A Coleraine veteran has been honoured for his role in the liberation of France during the Second World War.
Andy Nicholl, who was born and raised in Islandmore, just outside Portrush, has been awarded the Legion d’honneur, France’s highest honour.
The local man, who served with the Royal Ulster Rifles, is one of very few veterans in Northern Ireland to receive the award.
Mr Nicholl, president of Portrush Royal British Legion, turns 90 later this month.
He said he will wear the medal proudly on Remembrance Sunday on parade in Portrush, in memory of the 6,000 Allied troops who were killed in the D-Day landings.
That day Andy landed on occupied soil on a glider on what was to be the start of ‘the Longest Day’.
Speaking to The Coleraine Times, Mr Nicholl, who now lives in Coleraine, said: “I got a letter about this award 18 months ago.
“My military records had to be checked by the French authorities.
“A letter from French Ambassador in London confirmed that I had been given the honour and I got the medal in the post.
“It is something that I never expected to get after all these years.”
In 2014, French President François Hollande announced the country would honour veterans who served in France during World War II.
“Thousands went to war and played their role in the liberation of France, but sadly they are not here to get this award,” said Andy, who joined the Royal Ulster Rifles at just 16.
Having left Carnalridge School at 14, Andy took up employment in Maxwell’s Quarry.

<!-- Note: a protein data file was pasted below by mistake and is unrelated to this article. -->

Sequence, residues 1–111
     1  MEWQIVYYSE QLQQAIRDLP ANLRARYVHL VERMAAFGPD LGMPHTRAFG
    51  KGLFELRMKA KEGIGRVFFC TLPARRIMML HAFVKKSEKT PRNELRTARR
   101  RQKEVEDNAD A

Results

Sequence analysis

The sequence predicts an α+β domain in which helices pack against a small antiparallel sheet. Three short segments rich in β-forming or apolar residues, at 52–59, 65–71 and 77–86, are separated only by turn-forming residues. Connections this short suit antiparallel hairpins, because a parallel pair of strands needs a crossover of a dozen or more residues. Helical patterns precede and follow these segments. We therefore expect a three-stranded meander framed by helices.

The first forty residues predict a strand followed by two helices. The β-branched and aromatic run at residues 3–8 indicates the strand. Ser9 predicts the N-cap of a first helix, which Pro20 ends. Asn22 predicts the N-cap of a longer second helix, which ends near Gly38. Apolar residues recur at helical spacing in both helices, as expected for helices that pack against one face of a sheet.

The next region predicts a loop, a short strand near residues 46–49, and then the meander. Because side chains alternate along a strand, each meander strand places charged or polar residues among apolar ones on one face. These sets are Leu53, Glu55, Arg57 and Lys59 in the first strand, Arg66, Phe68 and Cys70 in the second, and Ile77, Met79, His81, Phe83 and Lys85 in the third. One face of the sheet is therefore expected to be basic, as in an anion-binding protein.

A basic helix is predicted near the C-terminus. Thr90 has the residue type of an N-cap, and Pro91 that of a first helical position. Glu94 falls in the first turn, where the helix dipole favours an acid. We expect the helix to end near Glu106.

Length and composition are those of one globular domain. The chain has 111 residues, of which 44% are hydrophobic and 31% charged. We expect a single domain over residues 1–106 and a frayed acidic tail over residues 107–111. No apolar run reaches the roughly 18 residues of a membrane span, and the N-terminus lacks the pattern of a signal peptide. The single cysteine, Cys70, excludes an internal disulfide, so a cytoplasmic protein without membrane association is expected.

“Before I knew it I was in the Home Guard holding a rifle with one hundred rounds of ammunition at the age of 16,” said the veteran.
“Going to war was just something that you did in those days.
“There was nothing else for the young men to do.
“We grew up with it, my father and my uncle had fought for the Ulster Rifles in the First World War, sadly my uncle didn’t come home.
“I landed in a glider plane in France on what we call the Longest Day, June 6, 1944.
“I then took part in the Battle of the Bulge in December 1944 and was wounded at the crossing of the Rhine in March 1945. That’s a day I will never forget, that was my worst memory of the war,” admitted the former rifle man.
He went on to serve in Belgium, in Palestine and in Egypt, but he was keen to play down his role as a soldier.
“I am no hero, you had a deed to do and you did it.
“You went out to fight for your King and your country, there was nothing heroic about it,” he said.